Delta Gamma President Brooke E. Winkle '95 says the major difference between the single-sex final clubs and the sororities is that the clubs "punch," or select, prospective members to participate in the tryout process. Sororities, on the other hand, have "open" rushes, meaning that any woman can try out without an invitation from senior members.

Belonging to a sorority "has all the positive aspects of a final club without any of the negative aspects," Winkle says. Harvard's sororities are affiliated with national organizations whose resources include scholarship programs, job networking services and advising systems.

But lacking official recognition, Harvard's sororities find themselves in the difficult position of trying to remain open to all prospective members while not being able to advertise. They cannot, for example, put posters on Harvard kiosks or send out invitations for their Open Houses, like many other campus organizations.

Theta members used to stand on Quincy street during Orientation Week, handing out information cards to first-years walking from the Yard to the Union, but have since been barred from the practice by University administrators.

Because sororities cannot advertise on campus, virtually all of the 44 members of Theta and the 17 women who belong to Delta Gamma say they found out about their sororities by word of mouth. Many members were friends before they joined. Sorority sisters tend to live in the same houses--predominantly river houses such as Eliot, Lowell and Mather--and tend to be upper-class students.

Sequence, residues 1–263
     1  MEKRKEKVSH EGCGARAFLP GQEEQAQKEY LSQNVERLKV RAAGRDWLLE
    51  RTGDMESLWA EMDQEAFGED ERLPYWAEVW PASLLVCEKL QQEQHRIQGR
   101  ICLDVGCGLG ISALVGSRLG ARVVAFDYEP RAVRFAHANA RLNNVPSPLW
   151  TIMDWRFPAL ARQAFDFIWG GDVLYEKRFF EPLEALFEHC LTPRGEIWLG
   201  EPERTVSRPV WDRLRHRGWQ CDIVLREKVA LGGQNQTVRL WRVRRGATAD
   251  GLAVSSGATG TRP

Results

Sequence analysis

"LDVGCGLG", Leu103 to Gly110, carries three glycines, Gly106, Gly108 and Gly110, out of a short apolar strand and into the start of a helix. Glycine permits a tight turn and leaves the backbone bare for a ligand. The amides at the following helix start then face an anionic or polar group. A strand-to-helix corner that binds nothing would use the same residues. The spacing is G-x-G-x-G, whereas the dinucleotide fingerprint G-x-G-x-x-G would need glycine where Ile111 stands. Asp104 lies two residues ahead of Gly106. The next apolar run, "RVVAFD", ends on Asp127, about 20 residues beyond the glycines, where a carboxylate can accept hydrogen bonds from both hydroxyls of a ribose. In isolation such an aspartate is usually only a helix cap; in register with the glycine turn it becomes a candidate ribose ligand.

About 25 of the 44 Thetas are seniors, according to president Teresa Y. Ou '95, and the sorority loses about one-third of its members each year to graduation.

In fact, because spreading the word to new students is often haphazard, there were only two first-year Thetas last semester. Jennifer S. Joel '98, one of the incoming rush chairs, says she found out about Theta simply because she was chatting with a woman during Common Casting who turned out to be a member.

Of course, the inability to advertise is not the only problem Harvard's unofficial sororities face.

Unlike University-recognized groups, sororities are also prohibited from using University property outside of their members' private dorm rooms. As a consequence, members of Theta have been shuffled through four different locales for their weekly chapter meetings.

The Thetas began this year meeting at University Lutheran Church, but now meet in the living room of a sister's off-campus apartment.